On Tuesday I attended the “Stand for the Silent” anti-bullying vigil at the state Capitol. I was doing so as part journalist/part father.
I’ve covered this story for more than four months, since I first wrote about the May 13 death of 11-year-old Ty Field. Ty reportedly committed suicide after being bullied at his school in Perkins.
So even though I had no plans to write about the event, I felt a strong enough connection to want to attend and see what was going to happen. I figured I could shot some video and probably blog about the event later.
When I told my wife about my plans to attend, she was quick to want to go and take our 10-year-old daughter. I don’t usually take my family along when I’m doing work. In this case, I felt it was OK to make an exception. My wife truly wanted to show her support for the anti-bullying effort and thought it could be a learning experience for our daughter. I couldn’t argue.
When we arrived I was happy to see about 500 people at the vigil. It’s been amazing to see how this group of high school students have grown this “Stand for the Silent” movement. For anybody that questions the youth of today, they should take a hard look at the passion this group has shown in fighting for this cause.
Similar anti-bullying vigils were conducted Tuesday in at least 21 states and six foreign countries after students involved in the program promoted it over Facebook, organizers said. The idea of “Stand for the Silent” was formed earlier this summer during an Upward Bound summer session at Oklahoma State University-Oklahoma City, a college preparation program for first-generation college-bound students. The 60 students in the program were inspired after hearing of Ty’s story.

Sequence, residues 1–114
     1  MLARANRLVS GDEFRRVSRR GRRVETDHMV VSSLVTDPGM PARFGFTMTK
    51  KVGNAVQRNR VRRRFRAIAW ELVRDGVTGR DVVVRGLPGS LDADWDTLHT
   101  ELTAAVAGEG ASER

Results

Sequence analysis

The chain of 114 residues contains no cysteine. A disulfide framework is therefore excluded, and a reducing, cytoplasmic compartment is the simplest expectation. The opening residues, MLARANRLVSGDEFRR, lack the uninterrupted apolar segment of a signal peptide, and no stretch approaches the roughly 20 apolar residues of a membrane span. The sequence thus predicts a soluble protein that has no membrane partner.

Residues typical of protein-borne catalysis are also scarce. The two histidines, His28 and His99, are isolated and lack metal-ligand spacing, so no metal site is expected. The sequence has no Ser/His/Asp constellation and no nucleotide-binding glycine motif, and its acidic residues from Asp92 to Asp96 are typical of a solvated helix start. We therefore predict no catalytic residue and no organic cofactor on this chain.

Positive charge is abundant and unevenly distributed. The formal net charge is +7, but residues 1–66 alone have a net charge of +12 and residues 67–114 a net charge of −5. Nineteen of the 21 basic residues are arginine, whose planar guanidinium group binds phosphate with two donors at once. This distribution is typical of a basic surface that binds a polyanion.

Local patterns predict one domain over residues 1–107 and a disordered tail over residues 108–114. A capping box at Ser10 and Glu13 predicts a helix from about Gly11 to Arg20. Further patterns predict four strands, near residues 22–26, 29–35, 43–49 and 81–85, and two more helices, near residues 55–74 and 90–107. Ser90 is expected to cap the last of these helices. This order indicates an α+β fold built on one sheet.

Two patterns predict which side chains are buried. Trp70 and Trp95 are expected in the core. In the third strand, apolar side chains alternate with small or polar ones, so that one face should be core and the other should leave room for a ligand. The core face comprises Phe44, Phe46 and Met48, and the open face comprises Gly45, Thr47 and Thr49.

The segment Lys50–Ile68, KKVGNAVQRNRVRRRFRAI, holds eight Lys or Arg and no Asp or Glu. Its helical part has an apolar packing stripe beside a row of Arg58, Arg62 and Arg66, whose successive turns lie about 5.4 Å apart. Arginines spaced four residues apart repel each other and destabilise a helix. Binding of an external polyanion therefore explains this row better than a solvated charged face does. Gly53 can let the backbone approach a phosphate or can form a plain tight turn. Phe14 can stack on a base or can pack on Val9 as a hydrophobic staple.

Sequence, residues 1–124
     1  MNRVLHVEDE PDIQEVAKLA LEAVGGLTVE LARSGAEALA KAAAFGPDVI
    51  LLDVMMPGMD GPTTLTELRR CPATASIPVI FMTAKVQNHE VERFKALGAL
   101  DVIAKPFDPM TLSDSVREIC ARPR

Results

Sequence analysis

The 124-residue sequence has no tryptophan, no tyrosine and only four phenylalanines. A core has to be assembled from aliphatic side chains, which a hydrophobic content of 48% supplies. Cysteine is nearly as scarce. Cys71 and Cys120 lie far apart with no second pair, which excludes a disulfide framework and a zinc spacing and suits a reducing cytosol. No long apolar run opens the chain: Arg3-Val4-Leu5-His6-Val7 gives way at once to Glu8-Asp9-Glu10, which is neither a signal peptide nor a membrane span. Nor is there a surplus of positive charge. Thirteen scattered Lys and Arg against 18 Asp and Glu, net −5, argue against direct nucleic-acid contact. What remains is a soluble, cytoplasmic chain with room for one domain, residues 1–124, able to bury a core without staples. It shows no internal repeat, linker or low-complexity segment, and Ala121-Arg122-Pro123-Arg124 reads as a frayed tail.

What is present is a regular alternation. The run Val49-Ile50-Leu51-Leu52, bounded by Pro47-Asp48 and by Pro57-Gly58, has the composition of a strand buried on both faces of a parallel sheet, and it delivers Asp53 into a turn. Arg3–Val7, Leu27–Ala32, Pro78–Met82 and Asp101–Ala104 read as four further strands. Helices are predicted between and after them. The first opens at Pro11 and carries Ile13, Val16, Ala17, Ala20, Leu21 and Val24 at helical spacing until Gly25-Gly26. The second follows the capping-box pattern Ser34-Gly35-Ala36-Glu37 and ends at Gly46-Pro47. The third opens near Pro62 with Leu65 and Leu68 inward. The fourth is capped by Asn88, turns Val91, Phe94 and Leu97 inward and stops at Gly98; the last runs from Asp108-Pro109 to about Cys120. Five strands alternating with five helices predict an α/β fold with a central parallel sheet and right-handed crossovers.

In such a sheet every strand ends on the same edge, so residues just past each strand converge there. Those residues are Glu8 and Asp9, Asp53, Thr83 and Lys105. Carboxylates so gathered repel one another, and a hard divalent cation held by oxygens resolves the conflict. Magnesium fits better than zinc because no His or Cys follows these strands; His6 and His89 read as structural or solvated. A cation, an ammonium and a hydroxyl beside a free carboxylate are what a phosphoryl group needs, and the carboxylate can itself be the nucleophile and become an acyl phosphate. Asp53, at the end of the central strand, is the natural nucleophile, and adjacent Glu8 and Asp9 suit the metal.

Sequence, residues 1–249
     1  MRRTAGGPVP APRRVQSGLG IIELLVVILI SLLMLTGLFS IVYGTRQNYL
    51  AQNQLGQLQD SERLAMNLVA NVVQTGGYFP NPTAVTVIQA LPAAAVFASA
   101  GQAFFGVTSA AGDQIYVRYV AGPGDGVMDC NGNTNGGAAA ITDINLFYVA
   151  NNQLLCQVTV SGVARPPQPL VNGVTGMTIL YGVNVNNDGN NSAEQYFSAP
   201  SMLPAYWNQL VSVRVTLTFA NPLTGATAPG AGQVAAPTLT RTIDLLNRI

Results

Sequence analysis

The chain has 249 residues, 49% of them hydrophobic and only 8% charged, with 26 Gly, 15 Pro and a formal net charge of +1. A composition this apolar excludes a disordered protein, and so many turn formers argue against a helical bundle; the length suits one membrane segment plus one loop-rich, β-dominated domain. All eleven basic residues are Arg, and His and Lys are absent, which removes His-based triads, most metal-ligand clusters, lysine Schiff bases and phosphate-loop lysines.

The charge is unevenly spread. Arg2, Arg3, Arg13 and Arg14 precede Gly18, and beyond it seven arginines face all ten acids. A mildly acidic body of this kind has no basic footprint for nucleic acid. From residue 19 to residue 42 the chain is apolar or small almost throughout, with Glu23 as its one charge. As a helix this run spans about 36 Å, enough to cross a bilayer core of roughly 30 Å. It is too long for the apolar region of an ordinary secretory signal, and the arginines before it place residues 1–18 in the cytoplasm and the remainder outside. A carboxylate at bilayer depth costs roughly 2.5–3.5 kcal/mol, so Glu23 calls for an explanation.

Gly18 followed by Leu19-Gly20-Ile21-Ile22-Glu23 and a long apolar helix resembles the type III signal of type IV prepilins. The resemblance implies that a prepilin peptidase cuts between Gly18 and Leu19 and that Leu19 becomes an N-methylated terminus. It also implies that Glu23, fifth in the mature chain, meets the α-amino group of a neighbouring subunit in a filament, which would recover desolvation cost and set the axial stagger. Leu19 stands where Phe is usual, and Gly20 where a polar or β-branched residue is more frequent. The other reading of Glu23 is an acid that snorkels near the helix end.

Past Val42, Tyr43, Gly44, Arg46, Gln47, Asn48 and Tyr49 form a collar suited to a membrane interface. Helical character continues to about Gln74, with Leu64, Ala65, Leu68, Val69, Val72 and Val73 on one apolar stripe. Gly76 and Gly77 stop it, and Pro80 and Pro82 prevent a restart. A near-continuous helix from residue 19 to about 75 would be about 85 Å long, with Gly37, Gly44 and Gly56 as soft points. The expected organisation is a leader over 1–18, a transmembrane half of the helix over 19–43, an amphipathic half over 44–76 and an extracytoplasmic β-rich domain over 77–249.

At the vigil, Ty’s dad, Kirk Smalley said he was going to take a step back and work on healing along with his wife, Laura. Mr. Smalley said he always considered himself a private person and wants to retreat somewhat and take some time to be with family. Mr. Smalley said he is confident that the Upward Bound students have a good handle on spreading the word. Mr. Smalley’s courage in fighting for reform in schools and spreading the anti-bullying word is certainly amazing. He and his family have certainly earned a break.
And to judge by the turnout on Tuesday and the students who have helped grow “Stand for the Silent,” I certainly think the movement Mr. Smalley has spurred forward by telling the heart-wrenching story of Ty’s death is left in good hands.